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1984 anti-Sikh riots case: Life imprisonment to three
Published on 29 Aug. 2009 10:50 PM IST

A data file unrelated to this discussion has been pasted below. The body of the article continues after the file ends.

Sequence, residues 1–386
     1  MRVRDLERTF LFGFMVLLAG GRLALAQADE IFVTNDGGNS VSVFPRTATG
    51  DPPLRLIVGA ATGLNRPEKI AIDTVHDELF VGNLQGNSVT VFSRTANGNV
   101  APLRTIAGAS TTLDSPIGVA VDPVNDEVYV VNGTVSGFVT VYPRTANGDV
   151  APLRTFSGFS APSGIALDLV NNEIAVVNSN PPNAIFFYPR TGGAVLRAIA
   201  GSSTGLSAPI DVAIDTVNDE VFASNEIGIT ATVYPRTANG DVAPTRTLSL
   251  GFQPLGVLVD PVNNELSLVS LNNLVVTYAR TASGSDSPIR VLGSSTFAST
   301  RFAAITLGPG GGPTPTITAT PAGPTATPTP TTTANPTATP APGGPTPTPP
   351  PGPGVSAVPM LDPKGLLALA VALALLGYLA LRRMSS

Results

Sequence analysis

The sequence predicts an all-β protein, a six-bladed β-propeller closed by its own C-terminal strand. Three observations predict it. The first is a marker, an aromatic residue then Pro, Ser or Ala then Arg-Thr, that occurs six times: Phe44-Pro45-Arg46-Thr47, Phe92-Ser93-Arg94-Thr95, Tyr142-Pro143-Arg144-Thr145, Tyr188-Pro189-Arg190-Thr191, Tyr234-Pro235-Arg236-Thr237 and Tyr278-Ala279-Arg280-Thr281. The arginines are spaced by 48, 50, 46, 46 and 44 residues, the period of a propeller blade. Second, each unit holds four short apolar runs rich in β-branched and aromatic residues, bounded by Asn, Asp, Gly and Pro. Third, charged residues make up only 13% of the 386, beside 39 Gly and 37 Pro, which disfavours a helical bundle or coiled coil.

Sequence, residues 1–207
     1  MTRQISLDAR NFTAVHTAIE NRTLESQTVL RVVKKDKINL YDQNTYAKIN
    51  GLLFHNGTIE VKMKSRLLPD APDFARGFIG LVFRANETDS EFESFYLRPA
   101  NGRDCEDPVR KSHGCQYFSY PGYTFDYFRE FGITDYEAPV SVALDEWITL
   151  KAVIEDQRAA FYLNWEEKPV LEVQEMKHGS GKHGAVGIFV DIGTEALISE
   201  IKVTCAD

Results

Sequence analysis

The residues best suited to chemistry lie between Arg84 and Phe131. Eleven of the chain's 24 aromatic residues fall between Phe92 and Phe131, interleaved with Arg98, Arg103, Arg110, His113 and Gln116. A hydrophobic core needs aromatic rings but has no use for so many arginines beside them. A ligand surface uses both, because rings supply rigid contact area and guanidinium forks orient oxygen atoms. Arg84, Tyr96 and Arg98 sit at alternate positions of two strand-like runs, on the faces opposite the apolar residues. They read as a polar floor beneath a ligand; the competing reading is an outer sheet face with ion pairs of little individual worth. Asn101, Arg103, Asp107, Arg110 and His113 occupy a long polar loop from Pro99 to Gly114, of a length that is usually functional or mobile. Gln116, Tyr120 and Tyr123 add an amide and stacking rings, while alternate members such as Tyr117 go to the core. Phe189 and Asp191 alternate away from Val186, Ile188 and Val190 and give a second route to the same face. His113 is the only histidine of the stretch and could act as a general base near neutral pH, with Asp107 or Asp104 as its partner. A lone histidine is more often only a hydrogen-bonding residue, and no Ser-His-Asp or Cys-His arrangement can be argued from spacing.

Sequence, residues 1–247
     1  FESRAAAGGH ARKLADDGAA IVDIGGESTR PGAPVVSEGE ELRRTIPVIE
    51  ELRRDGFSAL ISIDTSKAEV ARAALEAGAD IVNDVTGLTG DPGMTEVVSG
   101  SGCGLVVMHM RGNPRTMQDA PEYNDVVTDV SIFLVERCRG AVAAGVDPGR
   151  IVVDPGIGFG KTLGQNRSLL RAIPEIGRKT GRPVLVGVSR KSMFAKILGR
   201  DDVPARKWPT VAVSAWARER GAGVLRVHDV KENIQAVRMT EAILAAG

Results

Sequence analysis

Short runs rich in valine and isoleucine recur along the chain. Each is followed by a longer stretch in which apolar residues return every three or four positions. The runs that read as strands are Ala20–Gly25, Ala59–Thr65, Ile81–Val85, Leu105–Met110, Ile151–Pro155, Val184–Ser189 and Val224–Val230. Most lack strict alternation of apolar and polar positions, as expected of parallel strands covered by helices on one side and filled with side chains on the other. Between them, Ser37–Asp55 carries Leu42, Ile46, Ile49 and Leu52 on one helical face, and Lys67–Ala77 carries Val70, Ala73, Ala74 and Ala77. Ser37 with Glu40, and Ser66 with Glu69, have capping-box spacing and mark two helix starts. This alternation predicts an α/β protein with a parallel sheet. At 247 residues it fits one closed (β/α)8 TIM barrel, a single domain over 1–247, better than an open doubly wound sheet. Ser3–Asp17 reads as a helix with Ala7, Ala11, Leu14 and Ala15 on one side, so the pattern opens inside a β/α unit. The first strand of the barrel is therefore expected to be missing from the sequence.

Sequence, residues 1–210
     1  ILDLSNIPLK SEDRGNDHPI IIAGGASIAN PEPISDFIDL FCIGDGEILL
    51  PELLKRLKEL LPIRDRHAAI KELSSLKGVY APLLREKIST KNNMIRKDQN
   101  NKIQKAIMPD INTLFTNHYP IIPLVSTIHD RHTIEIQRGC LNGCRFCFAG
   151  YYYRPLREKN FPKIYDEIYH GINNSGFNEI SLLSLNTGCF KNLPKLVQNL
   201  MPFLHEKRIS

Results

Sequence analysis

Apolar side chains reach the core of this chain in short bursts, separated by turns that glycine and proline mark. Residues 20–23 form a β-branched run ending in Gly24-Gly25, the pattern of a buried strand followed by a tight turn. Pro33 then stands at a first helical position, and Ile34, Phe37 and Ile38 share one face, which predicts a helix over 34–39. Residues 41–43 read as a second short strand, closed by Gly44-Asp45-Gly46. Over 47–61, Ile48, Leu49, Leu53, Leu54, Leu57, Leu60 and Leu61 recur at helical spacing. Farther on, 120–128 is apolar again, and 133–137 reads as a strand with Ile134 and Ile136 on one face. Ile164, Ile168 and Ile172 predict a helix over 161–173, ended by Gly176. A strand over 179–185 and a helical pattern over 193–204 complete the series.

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A Delhi court on Saturday awarded life imprisonment to three persons for attempting to murder members of a Sikh family during the 1984 riots and imposed a fine of Rs 6.20 lakh for being involved in the crime. Mangal Sen alias Billa, Brij Mohan Verma and Bhagat Singh were held guilty of attempt to murder, rioting, dacoity in Shastri Nagar in north Delhi by Additional Sessions Judge S S Rathi on August 22. The judge, who had made a strong indictment of the manner in which the Delhi police and the state machinery had acted during the anti-Sikh riots, pronounced the quantum of sentence against the three convicts in a packed court room. The proceedings in the court witnessed a high drama with a number of relatives of the victims as well as the convicts broke down in the courtroom after the judge pronounced the order on sentence, reported ZeeNews on its website, Saturday. During the arguments on the point of sentence, Public Prosecutor Irfan Ahmed sought the maximum punishment of life imprisonment against the convict contending “they committed the crime without provocation. The victims had no defence, they were taken by surprise. The convict had no reason to commit the offence.” He further submitted the convicts should be awarded deterrent punishment in order to send the right message to the society. All the three convicts, on the other hand, pleaded leniency on the ground of ill-health and their old age. The anti-riots cell of Delhi police had probed the incident in which one Joginder Singh and his two sons Jagmohan Singh and Gurvinder Singh were seriously injured while their house was burnt by a mob led by the convicts on November one, 1984. The case was re-investigated by the police on a recommendation of Justice Rangnath Mishra Commission in 1992 following an affidavit filed by Joginder Singh. The court had framed charges under various provisions of the IPC, including that relating to attempt to murder, against the accused in 2001. The prosecution produced nine witnesses, including sons of Joginder who had identified the accused during the trial to prove its charges against them.

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